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For Elite and Kühne + Nagel in Houston, Lufthansa Cargo is a tried-and-trusted, reliable and particularly flexible partner. “About ten percent of our shipments fly with the German carrier,” Rindlisbacher confirms. “Lufthansa Cargo is, for example, very cooperative when it comes to transporting extra-large cargo pieces.” A 747 with the crane emblem operates daily from Houston to Frankfurt – and an MD-11 freighter four times a week from Dallas.

The pipes that sometimes weigh up to 16 tons require special handling. Each part has a serial number and is always transported separately. Eleven people at Elite alone attend to the task of securely packaging the extremely solid equipment in wooden crates. “The aim here is not so much to protect the cargo, but rather the aircraft and the other goods being transported inside it,” says Hale. “The drilling equipment itself is basically non-sensitive, although the threads of the tools are highly sensitive.”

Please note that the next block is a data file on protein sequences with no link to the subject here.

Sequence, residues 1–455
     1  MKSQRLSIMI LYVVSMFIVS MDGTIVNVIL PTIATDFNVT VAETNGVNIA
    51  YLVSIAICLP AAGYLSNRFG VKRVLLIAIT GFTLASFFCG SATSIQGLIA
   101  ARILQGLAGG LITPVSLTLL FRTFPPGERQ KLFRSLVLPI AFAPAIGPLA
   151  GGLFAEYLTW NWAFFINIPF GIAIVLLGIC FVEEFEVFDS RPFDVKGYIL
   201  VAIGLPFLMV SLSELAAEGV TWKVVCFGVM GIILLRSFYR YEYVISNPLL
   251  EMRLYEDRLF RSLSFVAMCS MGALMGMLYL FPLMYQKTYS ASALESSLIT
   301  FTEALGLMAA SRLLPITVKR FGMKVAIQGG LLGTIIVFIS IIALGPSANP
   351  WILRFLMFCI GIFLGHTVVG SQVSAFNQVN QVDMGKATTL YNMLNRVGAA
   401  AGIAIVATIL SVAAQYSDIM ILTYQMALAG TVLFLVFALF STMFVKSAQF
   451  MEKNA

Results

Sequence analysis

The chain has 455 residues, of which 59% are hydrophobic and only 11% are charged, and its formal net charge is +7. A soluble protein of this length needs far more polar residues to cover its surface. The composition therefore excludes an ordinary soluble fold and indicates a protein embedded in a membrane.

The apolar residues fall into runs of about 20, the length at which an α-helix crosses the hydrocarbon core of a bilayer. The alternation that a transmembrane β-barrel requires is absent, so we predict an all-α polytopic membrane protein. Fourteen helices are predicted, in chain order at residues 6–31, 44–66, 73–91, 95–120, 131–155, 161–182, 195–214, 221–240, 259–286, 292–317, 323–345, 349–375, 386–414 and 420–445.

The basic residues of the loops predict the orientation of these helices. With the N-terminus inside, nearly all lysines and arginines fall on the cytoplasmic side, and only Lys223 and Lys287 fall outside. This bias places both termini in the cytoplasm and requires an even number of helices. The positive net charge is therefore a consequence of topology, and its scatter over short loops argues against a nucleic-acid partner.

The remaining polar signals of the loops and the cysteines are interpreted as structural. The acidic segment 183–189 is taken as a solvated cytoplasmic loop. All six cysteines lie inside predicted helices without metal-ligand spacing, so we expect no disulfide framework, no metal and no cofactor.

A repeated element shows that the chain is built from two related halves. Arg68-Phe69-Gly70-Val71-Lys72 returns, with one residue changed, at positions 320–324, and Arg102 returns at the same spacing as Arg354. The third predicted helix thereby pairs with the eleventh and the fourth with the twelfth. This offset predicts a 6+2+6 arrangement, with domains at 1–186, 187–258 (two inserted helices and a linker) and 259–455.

With utmost caution, Elite also handles the explosives that are required for the development of new oil and gas wells. Elite operates a separate warehouse here – strictly guarded and with the best possible protection against fire risk. “These goods are hard to ship because of the hazard, but also due to the regulatory issues involved,” says Bob Hale. 

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The main supply areas for Elite and Kühne + Nagel are the Middle East, West Africa and Siberia. “Dubai, Singapore, Lagos, Luanda, Malabo, Caracas and Sakhalin are some of our customers’ top destinations,” says Hale. “Lufthansa Cargo’s excellent network helps us every time to reliably reach these locations.”

Bob Hale and Rolf Rindlisbacher look optimistically to the future. The two are unanimous in their verdict: “For transportation of this kind you need a lot expertise – together, we are now even better deployed.” The date of Elite’s takeover by Kühne + Nagel may well be symbolic for the harmonious relationship: it was Valentine’s Day.


www.elite-freight.com

www.kn-portal.com

Photos:

Statoil, John Gress

planet 4/2008